Oregon and Northern California Coast Coupon Travel Guide
Some Basic Rules of the Road.
It’s Mostly Just Common Sense, But Here Are a Few Tips To Travel Safe.
There are statistics that no doubt show it, but it would not be hard to guess that a good deal of road accidents happen because drivers get in a hurry and speed, or become distracted, inattentive, or tired only to drift out of control. You might not think of these as a primary “safety” rules, but doing your homework, planning your itinerary ahead of time, allowing plenty of time to get there, and getting a good nights rest before you start would save many, many more lives than people would often give it credit for. Here are some other ideas:
- Pull over and stop your car in a safe place before you check or answer your phone, look at a map, or grab your camera to snap a picture, or hunt for a snack from the bottom of the cooler.
- Plan ahead and plan to take your time - it isn’t a race (against time or anything else).
- Drive at a safe speed and pull over and stop at points of interest so you can really see them.
- Drive defensively, with a sense of awareness that others may be a similar source of hazard (from haste, weariness, distraction or inattention).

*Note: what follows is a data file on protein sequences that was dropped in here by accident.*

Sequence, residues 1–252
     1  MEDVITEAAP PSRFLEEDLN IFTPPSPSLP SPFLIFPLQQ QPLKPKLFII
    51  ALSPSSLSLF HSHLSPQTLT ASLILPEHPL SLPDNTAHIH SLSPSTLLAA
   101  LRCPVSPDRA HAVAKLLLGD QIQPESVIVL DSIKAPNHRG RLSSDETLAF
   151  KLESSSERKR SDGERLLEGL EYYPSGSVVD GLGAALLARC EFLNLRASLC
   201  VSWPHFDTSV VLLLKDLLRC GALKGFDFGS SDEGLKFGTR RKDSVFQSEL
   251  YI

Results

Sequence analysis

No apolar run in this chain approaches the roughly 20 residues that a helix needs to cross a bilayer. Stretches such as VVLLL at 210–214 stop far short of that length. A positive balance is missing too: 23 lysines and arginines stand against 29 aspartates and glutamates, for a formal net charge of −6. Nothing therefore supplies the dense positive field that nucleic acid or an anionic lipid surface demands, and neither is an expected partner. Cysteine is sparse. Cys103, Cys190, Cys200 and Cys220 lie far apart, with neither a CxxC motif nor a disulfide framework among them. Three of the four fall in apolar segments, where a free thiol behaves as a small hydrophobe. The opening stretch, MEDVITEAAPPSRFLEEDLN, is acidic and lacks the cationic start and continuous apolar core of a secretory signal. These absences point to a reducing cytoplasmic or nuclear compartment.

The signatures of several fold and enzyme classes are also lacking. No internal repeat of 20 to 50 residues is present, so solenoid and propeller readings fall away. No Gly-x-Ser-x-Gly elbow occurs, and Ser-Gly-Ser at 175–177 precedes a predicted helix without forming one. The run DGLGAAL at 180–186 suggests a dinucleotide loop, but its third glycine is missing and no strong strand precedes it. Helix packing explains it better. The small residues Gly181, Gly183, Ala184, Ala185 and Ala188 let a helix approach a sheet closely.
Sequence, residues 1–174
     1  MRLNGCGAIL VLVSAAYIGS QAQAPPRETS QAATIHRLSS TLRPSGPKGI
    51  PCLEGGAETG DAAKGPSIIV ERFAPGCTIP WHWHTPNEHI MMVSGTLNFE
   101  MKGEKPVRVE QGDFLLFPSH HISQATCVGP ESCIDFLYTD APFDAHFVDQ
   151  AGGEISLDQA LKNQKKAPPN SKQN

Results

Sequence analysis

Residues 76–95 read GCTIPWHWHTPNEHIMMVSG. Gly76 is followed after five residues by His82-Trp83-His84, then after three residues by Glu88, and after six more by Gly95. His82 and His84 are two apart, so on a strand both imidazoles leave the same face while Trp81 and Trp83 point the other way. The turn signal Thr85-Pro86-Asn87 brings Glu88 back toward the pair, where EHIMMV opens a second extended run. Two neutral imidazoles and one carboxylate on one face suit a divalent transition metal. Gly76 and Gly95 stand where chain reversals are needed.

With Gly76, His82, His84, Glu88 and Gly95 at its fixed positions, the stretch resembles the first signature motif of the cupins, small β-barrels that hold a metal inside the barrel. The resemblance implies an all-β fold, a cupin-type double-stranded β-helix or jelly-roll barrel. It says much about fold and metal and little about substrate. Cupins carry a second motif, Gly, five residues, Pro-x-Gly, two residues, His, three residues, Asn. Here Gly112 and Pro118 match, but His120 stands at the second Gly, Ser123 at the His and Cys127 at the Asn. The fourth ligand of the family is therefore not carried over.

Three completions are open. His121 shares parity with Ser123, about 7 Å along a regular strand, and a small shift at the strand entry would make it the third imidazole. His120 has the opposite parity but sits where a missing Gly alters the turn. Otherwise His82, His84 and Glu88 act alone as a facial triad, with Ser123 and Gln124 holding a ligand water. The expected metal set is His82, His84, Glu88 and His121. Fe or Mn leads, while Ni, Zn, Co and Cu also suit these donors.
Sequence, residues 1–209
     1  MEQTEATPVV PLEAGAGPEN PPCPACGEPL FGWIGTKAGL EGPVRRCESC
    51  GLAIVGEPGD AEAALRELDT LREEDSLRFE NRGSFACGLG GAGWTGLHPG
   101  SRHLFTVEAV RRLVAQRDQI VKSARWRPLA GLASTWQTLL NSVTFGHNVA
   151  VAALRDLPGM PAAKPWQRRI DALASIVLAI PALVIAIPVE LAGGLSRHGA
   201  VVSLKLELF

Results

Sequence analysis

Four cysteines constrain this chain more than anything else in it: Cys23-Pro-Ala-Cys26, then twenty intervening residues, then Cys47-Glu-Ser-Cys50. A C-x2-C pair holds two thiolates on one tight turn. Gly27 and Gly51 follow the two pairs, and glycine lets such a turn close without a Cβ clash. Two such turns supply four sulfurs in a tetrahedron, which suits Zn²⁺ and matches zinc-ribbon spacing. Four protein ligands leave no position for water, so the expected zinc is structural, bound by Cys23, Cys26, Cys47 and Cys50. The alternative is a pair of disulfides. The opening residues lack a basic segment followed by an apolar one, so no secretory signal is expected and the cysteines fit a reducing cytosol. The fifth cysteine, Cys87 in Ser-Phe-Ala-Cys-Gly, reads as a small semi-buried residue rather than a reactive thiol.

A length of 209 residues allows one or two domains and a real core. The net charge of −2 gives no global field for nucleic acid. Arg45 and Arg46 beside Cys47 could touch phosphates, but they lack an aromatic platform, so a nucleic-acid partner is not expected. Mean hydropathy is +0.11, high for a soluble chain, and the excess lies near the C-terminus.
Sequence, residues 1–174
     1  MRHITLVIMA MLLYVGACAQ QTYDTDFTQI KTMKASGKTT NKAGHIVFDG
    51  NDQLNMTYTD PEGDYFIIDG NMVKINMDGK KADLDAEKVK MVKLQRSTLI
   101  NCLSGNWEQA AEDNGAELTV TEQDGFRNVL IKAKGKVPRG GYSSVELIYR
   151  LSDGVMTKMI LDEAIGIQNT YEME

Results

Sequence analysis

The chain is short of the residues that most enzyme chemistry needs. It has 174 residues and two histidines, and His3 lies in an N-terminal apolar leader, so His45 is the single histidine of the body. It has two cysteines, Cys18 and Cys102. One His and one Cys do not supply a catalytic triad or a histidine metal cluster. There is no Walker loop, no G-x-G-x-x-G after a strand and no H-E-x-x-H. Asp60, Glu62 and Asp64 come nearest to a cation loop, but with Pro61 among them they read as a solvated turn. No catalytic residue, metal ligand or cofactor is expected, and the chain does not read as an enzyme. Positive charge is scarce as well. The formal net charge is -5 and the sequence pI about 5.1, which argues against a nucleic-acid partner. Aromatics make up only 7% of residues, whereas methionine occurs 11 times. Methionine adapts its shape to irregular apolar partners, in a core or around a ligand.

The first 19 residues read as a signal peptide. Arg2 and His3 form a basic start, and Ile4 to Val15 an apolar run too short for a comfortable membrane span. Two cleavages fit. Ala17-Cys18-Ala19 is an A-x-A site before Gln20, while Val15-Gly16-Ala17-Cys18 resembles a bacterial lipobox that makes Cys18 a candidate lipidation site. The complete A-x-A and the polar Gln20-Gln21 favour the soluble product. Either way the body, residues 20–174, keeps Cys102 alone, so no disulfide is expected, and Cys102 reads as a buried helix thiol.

- Check the weather for your destination (and route) the night before you plan to drive.
There are many more things we could cite in this space, but those are the most often overlooked. We sincerely want everyone who visits the coast to have a great time and avoid any unpleasant (or needless to say tragic) experiences along the way. It’s all about having FUN, and I can think of nothing that is any more UNFUN than a traffic accident or mishap.
Beach Safety Tips.
More Common Sense, But a Few Extra Things to Be Aware of At the Coast.
There is a certain risk you take anytime you step out your front door, let alone hang around close by to one of nature’s primal forces – the ocean. It pays to observe that, Mother Nature is not always entirely predictable and accidents can happen to the unwary and wary alike. However, the beach is not an outrageously dangerous place if you exercise some common sense, and assume responsibility for finding out about local, specific safety hazards when you go. Be especially, vigilant where children are concerned, for they are dependent on you to help them stay safe.
From “sneaker waves,” rip currents, and sun over-exposure, to falling rocks, jellyfish stings and shark attacks, the beach can be a pretty scary place. But it doesn’t have to be. “Swimming and water activities are very healthy so long as you use appropriate caution for yourself and your family when you visit the beach,” says B. Chris Brewster, president of the United States Lifesaving Association. The first step is knowing where danger lurks and how to avoid it. The rest is knowing your own physical limitations and being aware of them. Tragic water accidents happen quickly. The most common reason for aquatic mishaps is a lack of safety knowledge. We recommend the following safety tips:
- Learn to swim.
- Never swim alone.
- Supervise children closely.